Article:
Amapá without electricity: privatization of the electric company can be undone

The president of the Federal Senate, Davi Alcolumbre (DEM-AP), said on Sunday (8) that he will charge the National Electric Energy Agency (Aneel) for a thorough investigation to investigate the responsibilities of the company that manages the substation that caught fire in the last November 3, leaving 14 of the 16 municipalities in Amapá without electricity.

According to the senator, who is from Amapá from Macapá, the energy concessionaire Linhas de Macapá Transmissora de Energia (LMTE), which is the responsibility of the Spanish company Isolux, should lose the concession, and the undertaking will be taken over by the federal company Eletronorte, a subsidiary of Eletrobrás. State-owned employees are even responsible for resuming energy supply in Amapá.

The Spanish company has a history of poor services in the electricity sector and, even so, won the concession to distribute energy in Amapa. Isolux has already given a loss of US$ 476 million to the US state of Indiana, where it also provided services, and ended up being expelled.

In an interview with state, the senator explained that his request reflects the desire of the people from Amapá for clarification on the causes of the fire that occurred at the LMTE substation, as well as an exemplary punishment for those responsible “so that this tragedy never happens again.”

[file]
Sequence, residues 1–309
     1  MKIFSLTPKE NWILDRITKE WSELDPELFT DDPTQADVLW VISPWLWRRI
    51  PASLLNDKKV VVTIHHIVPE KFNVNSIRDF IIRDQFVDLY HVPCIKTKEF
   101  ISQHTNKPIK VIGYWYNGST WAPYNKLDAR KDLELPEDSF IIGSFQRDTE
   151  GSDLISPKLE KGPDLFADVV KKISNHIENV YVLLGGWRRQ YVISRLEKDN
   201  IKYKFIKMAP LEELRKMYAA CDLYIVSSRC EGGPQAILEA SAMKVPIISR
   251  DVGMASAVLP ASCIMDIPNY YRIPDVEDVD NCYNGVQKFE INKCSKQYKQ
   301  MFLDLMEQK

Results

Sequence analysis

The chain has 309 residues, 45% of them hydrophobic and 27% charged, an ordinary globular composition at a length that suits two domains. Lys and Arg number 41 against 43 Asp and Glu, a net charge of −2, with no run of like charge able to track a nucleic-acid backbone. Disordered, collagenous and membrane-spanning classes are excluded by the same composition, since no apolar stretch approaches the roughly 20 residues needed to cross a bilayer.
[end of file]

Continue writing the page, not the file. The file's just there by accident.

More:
What happened in Amapá?

Last Tuesday (3), a fire caused by a lightning strike destroyed two of the three transformers operating in the largest LMTE substation in Amapá. With the inoperability of this equipment, there is a need to install new transformers to restore the load in the state.

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Electricity only started to return on Saturday (7) and the following day, the Minister of Mines and Energy, Bento Albuquerque, declared that 76% of the supply had been restored, although the population complained to the state that there was still instability in power delivery.

The Federal Court has already determined a daily fine of R$ 15 million for the concessionaire if the service is not resumed within three days. LMTE stated in a note that it is working “uninterruptedly” to ensure the full restoration of electricity supply in Amapá.

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